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Headline modified (was: “OpenSUSE Board Member and Colleagues/Devs Launch Smear Campaign Against Boycott Novell (Updated)”) due to uncertainty or lack of sufficiently concrete evidence
How low Novell has sunk…
Would Novell or its community resort to gaming the system in Digg, FS Daily, and Ubuntu Forums? Would new accounts be opened merely to fuel this effort and “yes men” engage in a sockpuppet act? It sure seems so. (Hi, Francis)
Congratulations, Novell and/or OpenSUSE. You have reached an all-time low. Lower than Miguel de Icaza'a threats.
Rebutting all the libel you guys have spread would not be worth the effort. So, we’ll finish off with the famous S.u.S.E. words: “Have a lot of fun!” █
“Some years back, Microsoft practiced a lot of dirty tricks using online mavens to go into forums and create Web sites extolling the virtues of Windows over OS/2. They were dubbed the Microsoft Munchkins, and it was obvious who they were and what they were up to.”
Update: In the IRC channel it has just been pointed out that “some openSUSE articles have shown up on FSDaily’s queue and are being upvoted by many [of] the same people.”
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“Play by the rules or pick up those toys and go home”
Microsoft’s understanding of open source consistently mirrors its own ambitions — ones that define it to be hybrid and vendor-dependent. Here is the latest example.
It’s official: Microsoft will not accept any external code contributions to its planned Dynamic Language Runtime (DLR), which will run Microsoft’s new scripting languages for the web and Silverlight content on .NET
Microsoft will, though, continue to accept source-code contributions to its slowly emerging implementation of Ruby for .NET, IronRuby. Contributions are helping to build IronRuby and shepherd the language towards the first-full release.
The reason Microsoft decided to leave the DLR closed, despite taking contributions to the languages that will run inside it, is to protect itself from unwanted licenses and IP claims.
If you look more closely you’ll find that what Microsoft wants is free labour — moreover labour that results in developers and end-user getting dependent on proprietary and pricey programs.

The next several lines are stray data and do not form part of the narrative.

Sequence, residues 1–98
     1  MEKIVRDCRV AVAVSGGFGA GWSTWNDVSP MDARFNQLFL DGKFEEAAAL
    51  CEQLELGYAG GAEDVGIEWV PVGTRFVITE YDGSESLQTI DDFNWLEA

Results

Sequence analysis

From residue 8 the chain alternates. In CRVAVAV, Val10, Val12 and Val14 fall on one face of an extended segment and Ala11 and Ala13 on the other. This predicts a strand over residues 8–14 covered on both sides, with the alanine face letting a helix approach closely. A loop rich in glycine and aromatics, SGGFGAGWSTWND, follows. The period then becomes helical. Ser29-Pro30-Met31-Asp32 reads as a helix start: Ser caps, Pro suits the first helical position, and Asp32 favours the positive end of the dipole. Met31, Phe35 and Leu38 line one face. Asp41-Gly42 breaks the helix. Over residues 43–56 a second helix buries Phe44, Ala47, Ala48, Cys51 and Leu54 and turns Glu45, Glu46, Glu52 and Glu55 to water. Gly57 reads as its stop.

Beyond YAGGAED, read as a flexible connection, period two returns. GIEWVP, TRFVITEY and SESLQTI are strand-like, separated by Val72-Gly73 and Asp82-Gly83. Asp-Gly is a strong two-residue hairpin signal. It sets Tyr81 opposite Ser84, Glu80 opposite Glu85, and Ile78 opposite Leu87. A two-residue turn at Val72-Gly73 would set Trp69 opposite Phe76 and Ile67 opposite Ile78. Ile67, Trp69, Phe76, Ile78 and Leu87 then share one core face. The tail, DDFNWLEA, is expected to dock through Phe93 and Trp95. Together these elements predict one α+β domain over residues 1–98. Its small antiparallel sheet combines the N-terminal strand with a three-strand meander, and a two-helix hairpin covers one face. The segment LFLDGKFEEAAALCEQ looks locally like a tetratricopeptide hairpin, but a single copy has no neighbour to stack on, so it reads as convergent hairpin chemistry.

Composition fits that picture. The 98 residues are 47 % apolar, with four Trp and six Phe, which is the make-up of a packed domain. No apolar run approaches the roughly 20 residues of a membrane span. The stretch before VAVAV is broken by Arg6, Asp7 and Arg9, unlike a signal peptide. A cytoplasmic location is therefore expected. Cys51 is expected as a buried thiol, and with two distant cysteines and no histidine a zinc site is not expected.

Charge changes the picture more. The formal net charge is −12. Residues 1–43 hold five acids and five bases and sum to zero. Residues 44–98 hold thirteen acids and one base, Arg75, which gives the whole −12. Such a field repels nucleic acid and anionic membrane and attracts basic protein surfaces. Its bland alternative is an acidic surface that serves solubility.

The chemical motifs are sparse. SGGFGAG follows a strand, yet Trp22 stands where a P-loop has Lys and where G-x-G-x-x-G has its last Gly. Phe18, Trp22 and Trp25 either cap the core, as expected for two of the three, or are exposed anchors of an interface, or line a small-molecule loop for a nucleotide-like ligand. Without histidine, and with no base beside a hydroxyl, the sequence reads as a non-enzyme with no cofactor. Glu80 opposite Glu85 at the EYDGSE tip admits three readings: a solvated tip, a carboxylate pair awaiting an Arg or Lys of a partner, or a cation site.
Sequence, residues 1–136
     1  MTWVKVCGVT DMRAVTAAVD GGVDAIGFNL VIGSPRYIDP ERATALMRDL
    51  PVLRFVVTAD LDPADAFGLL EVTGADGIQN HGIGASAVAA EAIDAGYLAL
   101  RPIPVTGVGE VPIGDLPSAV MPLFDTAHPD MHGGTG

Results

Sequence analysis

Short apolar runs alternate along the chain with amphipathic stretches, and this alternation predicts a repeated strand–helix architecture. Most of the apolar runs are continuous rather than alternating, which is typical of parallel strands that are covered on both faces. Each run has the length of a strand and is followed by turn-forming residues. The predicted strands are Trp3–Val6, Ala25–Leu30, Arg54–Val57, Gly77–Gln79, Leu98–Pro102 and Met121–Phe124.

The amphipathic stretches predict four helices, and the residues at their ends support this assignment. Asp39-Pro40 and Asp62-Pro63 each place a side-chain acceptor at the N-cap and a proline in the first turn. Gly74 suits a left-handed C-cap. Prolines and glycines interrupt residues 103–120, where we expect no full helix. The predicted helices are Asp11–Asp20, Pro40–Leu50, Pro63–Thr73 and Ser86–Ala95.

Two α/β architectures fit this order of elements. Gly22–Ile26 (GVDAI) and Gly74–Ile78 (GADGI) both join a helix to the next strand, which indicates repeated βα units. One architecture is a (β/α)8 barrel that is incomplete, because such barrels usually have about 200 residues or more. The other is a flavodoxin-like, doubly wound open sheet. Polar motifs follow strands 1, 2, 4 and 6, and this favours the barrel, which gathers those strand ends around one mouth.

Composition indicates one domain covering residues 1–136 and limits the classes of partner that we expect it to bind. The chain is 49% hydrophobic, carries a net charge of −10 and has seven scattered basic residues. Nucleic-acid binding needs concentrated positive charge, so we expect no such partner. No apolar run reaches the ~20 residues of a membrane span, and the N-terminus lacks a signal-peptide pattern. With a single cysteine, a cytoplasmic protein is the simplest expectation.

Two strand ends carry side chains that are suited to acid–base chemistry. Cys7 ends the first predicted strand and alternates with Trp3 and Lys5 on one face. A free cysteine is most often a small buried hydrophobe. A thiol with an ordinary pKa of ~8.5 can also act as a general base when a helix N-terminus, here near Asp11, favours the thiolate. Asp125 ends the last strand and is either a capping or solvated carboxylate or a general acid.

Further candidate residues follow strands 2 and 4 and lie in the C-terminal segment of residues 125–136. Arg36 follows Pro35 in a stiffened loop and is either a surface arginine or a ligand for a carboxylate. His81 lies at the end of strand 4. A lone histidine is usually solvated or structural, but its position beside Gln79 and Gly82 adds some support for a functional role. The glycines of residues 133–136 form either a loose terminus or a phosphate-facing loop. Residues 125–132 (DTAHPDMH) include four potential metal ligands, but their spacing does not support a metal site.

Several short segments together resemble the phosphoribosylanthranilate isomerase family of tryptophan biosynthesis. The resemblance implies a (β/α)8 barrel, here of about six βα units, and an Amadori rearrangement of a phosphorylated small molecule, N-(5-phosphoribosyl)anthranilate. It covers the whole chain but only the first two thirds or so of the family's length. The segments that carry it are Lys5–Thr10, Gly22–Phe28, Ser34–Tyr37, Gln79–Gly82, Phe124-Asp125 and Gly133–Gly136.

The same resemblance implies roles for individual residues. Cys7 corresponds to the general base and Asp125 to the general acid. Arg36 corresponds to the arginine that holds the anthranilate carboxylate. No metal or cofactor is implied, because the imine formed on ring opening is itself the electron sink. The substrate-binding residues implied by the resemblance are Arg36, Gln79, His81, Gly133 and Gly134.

“Give us code, lots of code, more code…”
“But it’s ours. We control it.”
That’s not open source (Free software aside). The story behind Microsoft's grab of Ruby with .NET is noteworthy also, particularly in light of those Silverlight-bound ‘extensions’. It’s mainly about control. Remember what Microsoft said just days ago and this quick interpretation also: “So could you ask, what is this collaborative development, this new syntagm [Microsoft's] Mr. Matusow is using all over the place? Well, buried deep towards the very end of his post,”
Sadly enough, Nokia too seems far from committed. It is adamant about enforcing software patents, DRM and other consumer-hostile mechanisms. Bruce Pernes has just responded to that latest lecture from Ari Jaaksi.
…perhaps the community has some education for Jaaksi and Nokia. Jaaksi hosted me at a Nokia dinner in 2000, he’s a nice guy and has been interested in Linux for a long time. But Nokia’s barking up the wrong tree this time, because Nokia can do everything it wants with DRM, IPR, and SIM locks without bothering the Linux developers about it – and both Nokia and the Linux developers will like it better that way. It’s surprising that Nokia doesn’t understand that at this late date.
Here is what Pamela Jones said about this: “Do what you like, but if you wish to use the code, you obey the license. If not, please write your own. Personally, I won’t use DRM’d products. I can wait. I understand Hollywood is a problem for you, but until they wake up and realize they are destroying their old business model by scrupulously avoiding any new ones, instead trying to graft the old one onto a new age, I’ll just avoid their offerings. I can live without Hollywood, I find, when it’s something this vital. I understand that puts Nokia in a tough spot, because they want to do deals with Hollywood. Go ahead and do deals, but leave me out. And please don’t use FOSS code until you are ready to play by the rules. I just won’t buy or use any Nokia phones if you break the rules. I think that’s fair.”
Why can’t these 2 companies simply abide by the rules and spirit of the licences/establishments they embrace (OSI in the former case and GPL in the latter)? Novell is no exception. Novell too happens to be among those sinners. It uses GNU/Linux to sell proprietary software (“mixed source”) and it signs software patent deals. █
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The release of OpenSUSE 11.0 is approaching. We gently remind readers that despite all the pretty colours in the Qt-based installer and the
flexibility complexity of YaST, the distribution hasn’t sufficient added value to work better than counterparts, many of which are free and decent.
Here is what the Washington Post has just had to say about Novell’s SUSE:
Novell’s infuriatingly complicated, cranky implementation of Linux is almost guaranteed to send a beginner reeling in horror, or at least distaste.